Adverse childhood experiences take on many forms, such as the death of a parent or close friend, household criminality, exposure to domestic abuse, substance misuse or bullying, and difficulties with health, communication or learning. These experiences can increase vulnerability to violence. In short, ACEs are a form of trauma, or series of traumas, experienced during the important, formative stages of a life.
We try to minimise these risk factors and instead build resilience. The Violence Reduction Unit commissions research to inform future approaches and provides funding to projects and programmes that target prevention at individuals.
There are a series of report available at the website. Check them out HERE
Targeting Retaliation: Stopping the chain reaction of gun violence in Paterson, NJ(13:11) (Check out the video at the link below)
The Paterson Healing Collective has been working to reduce shootings in the city since 2020. This is the story of the work they do and the lives they touch.
Michael Karas (see interview at link below) is a visual journalist at NorthJersey.com and The Record. After years in which he often reported several stories a day, Karas recently devoted all his time to a single story: A documentary about an anti-violence organization called the Paterson Healing Collective. We wanted to learn more about the project, and this important group. This conversation has been edited for clarity, and condensed for length.
See more HERE
As part of our work, the Task Force heard from many current and former CPD officers who are dedicated public servants, committed to performing their duties lawfully and making Chicago a safer place for all of its residents. Serving as a police officer is a challenging and often dangerous job. The police face an increasingly daunting challenge in crime fighting. Illegal guns flood the streets of the same neighborhoods that are devastated by crime, poverty and unemployment. We as a society cannot expect the police to cure every ill in Chicago’s neighborhoods. Yet we put significant pressure on them to solve and prevent crime, as well as to address the manifestations of a number of other daunting social and economic challenges beyond their charge and capacity to manage, let alone solve. Still, a keen appreciation of and sensitivity to these broader issues is critical to effective law enforcement and positive community-police relations.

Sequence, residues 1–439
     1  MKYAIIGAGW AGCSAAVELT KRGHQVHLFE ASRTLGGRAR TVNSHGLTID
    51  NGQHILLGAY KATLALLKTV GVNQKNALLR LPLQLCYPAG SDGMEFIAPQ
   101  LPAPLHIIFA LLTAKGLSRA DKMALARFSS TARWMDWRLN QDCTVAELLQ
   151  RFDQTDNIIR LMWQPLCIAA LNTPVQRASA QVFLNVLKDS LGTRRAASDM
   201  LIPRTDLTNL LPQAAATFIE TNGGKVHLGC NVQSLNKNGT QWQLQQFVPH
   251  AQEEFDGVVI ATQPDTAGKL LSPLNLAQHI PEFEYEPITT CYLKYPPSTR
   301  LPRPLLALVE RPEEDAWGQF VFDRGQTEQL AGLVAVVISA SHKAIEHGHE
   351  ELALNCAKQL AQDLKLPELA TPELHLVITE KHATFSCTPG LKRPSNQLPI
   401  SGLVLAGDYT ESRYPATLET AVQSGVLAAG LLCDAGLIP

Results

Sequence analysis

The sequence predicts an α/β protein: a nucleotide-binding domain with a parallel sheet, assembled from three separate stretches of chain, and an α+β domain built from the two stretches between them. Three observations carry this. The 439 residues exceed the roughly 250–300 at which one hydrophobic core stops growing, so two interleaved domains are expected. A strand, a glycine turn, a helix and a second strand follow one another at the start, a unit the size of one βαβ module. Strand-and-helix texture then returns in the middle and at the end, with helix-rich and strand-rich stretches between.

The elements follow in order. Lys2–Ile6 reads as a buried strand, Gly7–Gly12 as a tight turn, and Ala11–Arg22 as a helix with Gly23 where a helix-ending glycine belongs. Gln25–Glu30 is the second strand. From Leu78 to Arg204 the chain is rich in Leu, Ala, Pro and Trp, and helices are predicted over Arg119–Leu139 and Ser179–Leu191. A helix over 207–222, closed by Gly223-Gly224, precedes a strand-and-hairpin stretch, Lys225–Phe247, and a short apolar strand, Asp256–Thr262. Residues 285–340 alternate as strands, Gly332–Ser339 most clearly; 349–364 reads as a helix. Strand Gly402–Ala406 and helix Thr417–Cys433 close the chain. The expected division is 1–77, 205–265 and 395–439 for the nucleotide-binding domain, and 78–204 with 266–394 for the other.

The findings and recommendations in this report are not meant to disregard or undervalue the efforts of the many dedicated CPD officers who show up to work every day to serve and protect the community. The challenge is creating a partnership between the police and the community that is premised upon respect and recognizes that our collective fates are very much intertwined. Simply put, a more professional, engaged and respectful police force benefits us all. We cannot and have not shied away
from identifying systemic problems or challenges that undermine the efforts of those officers who are sincerely committed to doing their jobs the right way. To be sure, individual officers must own responsibility for not merely their actions each day, but also the reverberating and sometimes corrosive and lingering effect of those actions on citizens. And ultimately, the responsibility for setting the correct course lies with CPD leadership itself.
The Police Beat Algorithm’s outputs were not so much predictive of future crime as they were self-fulfilling prophesies.
— Read on slate.com/technology/2022/11/police-beat-algorithm-lbj-ibm.html
At the bottom of this article, there is a link to the PDF version of the report. In the article the findings are that the body worn camera’s help exonerate the officers in citizen complaints.
￼Body cameras were critical in exonerating Miami’s innocent police officers — and in revealing wrongdoing by guilty ones, a Civilian Investigate Panel finds.
— Read on www.miaminewtimes.com/news/investigative-panel-says-miami-police-need-more-body-cams-15613641